As a result of economic growth with increased traffic, industrialization and energy demand, India’s air pollution is getting worse by the day, especially in urban areas, where cars are a major source of emissions. In certain areas, pollution from factories and power plants is also an important issue.

In India, the National Air Quality Monitoring Program (NAMP), under the leadership of the CPCB, is being implemented. NAMP has launched since 1984 and is being implemented at 683 stations across the country (as of March 31, 2018) for substances such as SPM, RSPM, SO2, NOx, CO, etc., twice a week. Pollutants are sampled and monitored every 4 hours for gaseous pollutants and every 8 hours for particulate matter.

Currently, the data observed by NAMP is assessed based on the National Ambient Air Quality Standards (NAAQS) as an indicator. Monitoring results for each year can be retrieved at the following URL (as of September 2020, monitoring results for 2013-2018 can be available).
http://cpcb.nic.in/namp-data/

 

National Ambient Air Quality Standards

The NAAQS is not a standard that applies to emissions from factories and other sources, but rather is an indicator of general standards in India. If air quality observations indicate that a target substance is above the limit on two consecutive occasions, regular or continuous monitoring and additional testing are required.

Revised National Ambient Air Quality Standards (G.S.R826 (E), dated 16.11.2009)

S.No. Pollutant Time Weighted Average Concentration in Ambient Air
Industrial, Residential, Rural and Other Areas Ecologically Sensitive Area (notified by Central Government)
1 SO2 (µg/m3) Annual
24 hours
50.0
80.0
20.0
80.0
2 NO2 (µg/m3) Annual
24 hours
40.0
80.0
30.0
80.0
3 PM10 (µg/m3) Annual
24 hours
60.0
100.0
60.0
100.0
4 PM2.5 (µg/m3) Annual
24 hours
40.0
60.0
40.0
60.0
5 Pb (µg/m3) Annual
24 hours
0.50
1.0
0.50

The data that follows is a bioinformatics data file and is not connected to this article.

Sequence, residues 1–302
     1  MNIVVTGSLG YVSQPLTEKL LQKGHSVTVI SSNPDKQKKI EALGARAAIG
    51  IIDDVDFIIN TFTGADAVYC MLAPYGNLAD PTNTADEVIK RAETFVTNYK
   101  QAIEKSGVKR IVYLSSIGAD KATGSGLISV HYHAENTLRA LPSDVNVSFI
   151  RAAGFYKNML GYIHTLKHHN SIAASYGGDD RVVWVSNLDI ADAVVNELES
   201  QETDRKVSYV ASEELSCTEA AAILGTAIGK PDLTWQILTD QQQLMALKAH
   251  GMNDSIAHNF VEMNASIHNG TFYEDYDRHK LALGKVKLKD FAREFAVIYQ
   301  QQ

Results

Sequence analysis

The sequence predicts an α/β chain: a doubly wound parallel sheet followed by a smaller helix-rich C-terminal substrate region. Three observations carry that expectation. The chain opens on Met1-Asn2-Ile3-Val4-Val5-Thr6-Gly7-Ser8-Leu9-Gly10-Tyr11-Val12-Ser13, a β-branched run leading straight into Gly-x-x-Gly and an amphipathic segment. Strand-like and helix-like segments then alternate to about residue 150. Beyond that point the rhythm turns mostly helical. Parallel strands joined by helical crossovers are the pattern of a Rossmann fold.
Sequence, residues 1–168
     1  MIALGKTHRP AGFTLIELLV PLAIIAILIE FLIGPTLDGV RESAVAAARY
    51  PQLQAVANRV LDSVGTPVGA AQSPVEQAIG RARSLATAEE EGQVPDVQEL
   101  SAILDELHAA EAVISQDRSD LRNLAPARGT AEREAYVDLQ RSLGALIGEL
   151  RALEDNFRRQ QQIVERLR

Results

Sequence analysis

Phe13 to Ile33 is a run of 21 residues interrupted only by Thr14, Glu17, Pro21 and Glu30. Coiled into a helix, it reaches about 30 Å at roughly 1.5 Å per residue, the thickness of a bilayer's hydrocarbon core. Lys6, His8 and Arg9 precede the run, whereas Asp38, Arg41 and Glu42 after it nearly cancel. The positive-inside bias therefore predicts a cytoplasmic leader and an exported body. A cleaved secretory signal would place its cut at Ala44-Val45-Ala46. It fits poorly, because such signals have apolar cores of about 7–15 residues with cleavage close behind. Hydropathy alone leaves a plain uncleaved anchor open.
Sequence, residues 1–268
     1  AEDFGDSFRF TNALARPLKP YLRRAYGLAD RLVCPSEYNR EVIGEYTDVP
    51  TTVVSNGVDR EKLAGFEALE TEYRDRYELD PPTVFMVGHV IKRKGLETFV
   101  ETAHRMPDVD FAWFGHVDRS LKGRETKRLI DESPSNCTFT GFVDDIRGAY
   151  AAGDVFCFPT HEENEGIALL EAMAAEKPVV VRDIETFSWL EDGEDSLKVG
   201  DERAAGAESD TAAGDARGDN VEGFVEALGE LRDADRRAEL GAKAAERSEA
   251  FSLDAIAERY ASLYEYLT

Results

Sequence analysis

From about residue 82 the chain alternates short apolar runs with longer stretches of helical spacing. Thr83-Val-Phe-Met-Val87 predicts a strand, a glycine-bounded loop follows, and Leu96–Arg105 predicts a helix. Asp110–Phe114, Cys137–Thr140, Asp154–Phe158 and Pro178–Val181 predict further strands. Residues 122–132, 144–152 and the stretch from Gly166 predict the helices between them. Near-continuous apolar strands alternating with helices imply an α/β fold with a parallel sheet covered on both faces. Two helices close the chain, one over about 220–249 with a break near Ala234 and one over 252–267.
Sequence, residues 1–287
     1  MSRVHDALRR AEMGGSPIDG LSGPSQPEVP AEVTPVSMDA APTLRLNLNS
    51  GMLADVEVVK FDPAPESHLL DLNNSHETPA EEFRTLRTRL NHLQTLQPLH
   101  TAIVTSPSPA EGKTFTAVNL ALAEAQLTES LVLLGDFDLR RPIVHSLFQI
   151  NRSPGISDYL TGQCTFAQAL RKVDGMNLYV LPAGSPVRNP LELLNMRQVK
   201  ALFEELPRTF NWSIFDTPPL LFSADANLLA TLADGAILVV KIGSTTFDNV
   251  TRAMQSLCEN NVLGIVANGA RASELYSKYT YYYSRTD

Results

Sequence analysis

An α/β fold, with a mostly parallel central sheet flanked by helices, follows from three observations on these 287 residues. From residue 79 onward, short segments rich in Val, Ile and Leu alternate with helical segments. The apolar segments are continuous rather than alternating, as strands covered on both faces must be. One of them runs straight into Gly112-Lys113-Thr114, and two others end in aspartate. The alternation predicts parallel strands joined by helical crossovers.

1.0
6 CO (mg/m3) 8 hours
1 hour
2.0
4.0
2.0
4.0
7 O3 (µg/m3) 8 hours
1 hour
24 hours
100.0
180.0
60.0
100.0
180.0
60.0
8 NH3 (µg/m3) Annual
24 hours
100.0
400.0
100.0
400.0
9 C6H6 (µg/m3) Annual 5.0 5.0
10 BaP (ng/m3)
particulate phase only
Annual 1.0 1.0
11 As (ng/m3) Annual 6.0 6.0
12 Ni (ng/m3) Annual 20.0 20.0

 

National Air Quality Index

In India, the National Air Quality Index (NAQI) has been introduced under the leadership of Prime Minister Modi and has calculated and published the NAQI for a number of cities. As of September 2020, the NAQI’s online database provides air quality data for observation sites in 22 states. The central government considers seven substances (PM2.5, PM10, nitrogen oxides, sulfur dioxide, ozone, carbon monoxide, and ammonia) in calculating the NAQI. These substances are also covered by the NAAQS. The NAAQS is positioned as a short-term measurement and the NAQI as a long-term monitoring. The NAQI is calculated using an average of 24 hours of data measured continuously at various monitoring locations and is published daily.

Air pollution levels are categorized into six levels, ranging from “good” to “severe,” with a brief description. Each level is labeled with a color scheme that allows the user to understand at a glance the standard concentration and its severity. For example, air quality is classified as “good” if it is below 50% of the regulatory standard.


CPCB, http://cpcb.nic.in/displaypdf.php?id=bmF0aW9uYWwtYWlyLXF1YWxpdHktaW5kZXgvQWJvdXRfQVFJLnBkZg

 

Legal Framework for Air Pollution Control (Stationary Source)

In India, the Air (Prevention and Control of Pollution) Act, 1981 (the “Air Act”) was enacted in 1981 with the aim of preventing, controlling and reducing air pollution. The Air Act prohibits factories from emitting pollutants into the air in excess of standards. It also gives authority to CPCB and SPCBs to ban the use of fuels and substances that cause air pollution.

Subordinate regulations to the Air Act are the Air (Prevention and Control of Pollution) Rules, 1982 and the Air (Prevention and Control of Pollution) (Union Territory) Rules. The former prescribes the details of the CPCB’s organizational operations such as meetings, budget, accounts, etc. The latter rules are applicable to the Union Territory and provide details regarding the establishment of pollution control management areas and procedures for setting up and operating industrial plants in those areas, as defined in the Air Act. However, these regulations do not set emission standards or thresholds for air pollution.

On the other hand, the emission standards for air pollutants emitted from industrial facilities such as factories are specified in the Environment (Protection) Rules, 1986. The Central Government has prescribed emission standards for air pollutants for specific industrial installations and general emission standards for other installations, respectively. The Environment (Protection) Rules also allows state governments to set stricter standards.

 

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